Our Right to Drugs: The Case for a Free Market

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Syracuse University Press, Apr 1, 1996 - Medical - 228 pages
In Our Right to Drugs, Szasz shows how the present drug war started at the beginning of this century, when the US government first assumed the task of protecting people from patent medicines. By the end of World War I the free market in drugs was but a dim memory. Instead of dwelling on the familiar impracticality and unfairness of drug laws, Szasz demonstrates the deleterious effects of prescription laws, which place people under lifelong medical supervision. The result is that most Americans today prefer a coercive and corrupt command drug economy to a free market in drugs.
 

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OUR RIGHT TO DRUGS: The Case for a Free Market

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Szasz (Psychiatry/SUNY at Syracuse) at his abrasive best, skewering the shibboleths of the War On Drugs and giving historical context to the current national hubbub. The prohibition of drugs abrogates ... Read full review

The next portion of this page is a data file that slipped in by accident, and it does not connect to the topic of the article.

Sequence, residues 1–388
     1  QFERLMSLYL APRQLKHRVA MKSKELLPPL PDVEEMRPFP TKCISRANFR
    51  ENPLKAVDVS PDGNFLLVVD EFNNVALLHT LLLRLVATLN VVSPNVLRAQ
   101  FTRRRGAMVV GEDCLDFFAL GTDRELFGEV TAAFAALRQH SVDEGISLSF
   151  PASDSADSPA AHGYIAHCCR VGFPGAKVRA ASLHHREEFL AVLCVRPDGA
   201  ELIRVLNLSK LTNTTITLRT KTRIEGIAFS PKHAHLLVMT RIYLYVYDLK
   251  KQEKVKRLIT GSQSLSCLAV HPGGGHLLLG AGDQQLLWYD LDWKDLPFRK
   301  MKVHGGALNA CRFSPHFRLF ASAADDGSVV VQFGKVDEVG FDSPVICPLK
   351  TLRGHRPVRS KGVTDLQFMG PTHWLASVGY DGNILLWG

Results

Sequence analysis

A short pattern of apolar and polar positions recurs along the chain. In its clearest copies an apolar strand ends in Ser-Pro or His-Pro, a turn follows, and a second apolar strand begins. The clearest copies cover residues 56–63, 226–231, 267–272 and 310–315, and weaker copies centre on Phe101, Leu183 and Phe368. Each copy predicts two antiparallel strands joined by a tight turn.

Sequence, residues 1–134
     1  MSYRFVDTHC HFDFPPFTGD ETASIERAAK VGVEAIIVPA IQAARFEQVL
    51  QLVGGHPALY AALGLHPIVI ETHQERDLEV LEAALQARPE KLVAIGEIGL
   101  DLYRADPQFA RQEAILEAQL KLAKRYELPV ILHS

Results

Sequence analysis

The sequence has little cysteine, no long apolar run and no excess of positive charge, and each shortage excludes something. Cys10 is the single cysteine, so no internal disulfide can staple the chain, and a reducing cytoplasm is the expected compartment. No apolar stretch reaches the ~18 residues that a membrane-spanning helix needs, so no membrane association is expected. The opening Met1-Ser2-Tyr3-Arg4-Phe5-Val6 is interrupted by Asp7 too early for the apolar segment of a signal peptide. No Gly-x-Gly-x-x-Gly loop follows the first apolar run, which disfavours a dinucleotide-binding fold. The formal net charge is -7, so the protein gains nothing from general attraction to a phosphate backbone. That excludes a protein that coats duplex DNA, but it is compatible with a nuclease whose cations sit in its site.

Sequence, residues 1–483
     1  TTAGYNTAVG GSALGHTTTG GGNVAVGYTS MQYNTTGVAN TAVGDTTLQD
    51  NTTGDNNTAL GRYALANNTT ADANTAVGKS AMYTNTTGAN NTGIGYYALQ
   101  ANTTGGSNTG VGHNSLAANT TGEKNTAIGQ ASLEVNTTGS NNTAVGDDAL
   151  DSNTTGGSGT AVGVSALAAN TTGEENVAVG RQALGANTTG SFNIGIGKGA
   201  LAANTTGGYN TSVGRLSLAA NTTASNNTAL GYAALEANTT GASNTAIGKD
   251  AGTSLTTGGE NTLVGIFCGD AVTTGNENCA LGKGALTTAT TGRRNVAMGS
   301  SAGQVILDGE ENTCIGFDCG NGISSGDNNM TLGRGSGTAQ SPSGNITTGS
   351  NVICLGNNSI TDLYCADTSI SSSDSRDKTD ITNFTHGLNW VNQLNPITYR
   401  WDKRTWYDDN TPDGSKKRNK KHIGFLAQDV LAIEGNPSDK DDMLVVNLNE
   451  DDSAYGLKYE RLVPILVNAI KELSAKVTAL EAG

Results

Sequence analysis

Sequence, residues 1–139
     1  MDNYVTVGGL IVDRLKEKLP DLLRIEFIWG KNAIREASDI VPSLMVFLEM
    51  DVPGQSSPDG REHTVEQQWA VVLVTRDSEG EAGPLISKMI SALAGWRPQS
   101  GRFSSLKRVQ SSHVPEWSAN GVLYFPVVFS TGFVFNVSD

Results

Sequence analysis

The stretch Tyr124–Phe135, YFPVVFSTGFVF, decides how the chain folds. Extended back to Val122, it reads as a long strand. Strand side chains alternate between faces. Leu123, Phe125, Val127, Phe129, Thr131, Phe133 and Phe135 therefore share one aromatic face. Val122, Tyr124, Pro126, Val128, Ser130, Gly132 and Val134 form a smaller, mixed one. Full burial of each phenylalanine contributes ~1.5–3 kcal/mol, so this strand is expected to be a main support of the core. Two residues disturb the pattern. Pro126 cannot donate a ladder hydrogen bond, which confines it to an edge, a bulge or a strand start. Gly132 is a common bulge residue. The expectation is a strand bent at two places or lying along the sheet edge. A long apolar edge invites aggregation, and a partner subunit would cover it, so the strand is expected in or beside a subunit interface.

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This book is full of pure wisdom. It cites Lysander Spooner's "Vices Are Not Crimes," tracing anti-prohibitionist thought back to the abolitionist movement. Highly recommended for those who wish to experience the thought of an American individualist.

Contents

The Right We Rejected
1
Liberty vs Utopia
31
Drugs as Scapegoats
59
The Cult of Drug Disinformation
77
The Lie of Legalization
95
Crack as Genocide
111
The Perils of Prohibition
125
The Burden of Choice
145
Notes
165
Bibliography
185
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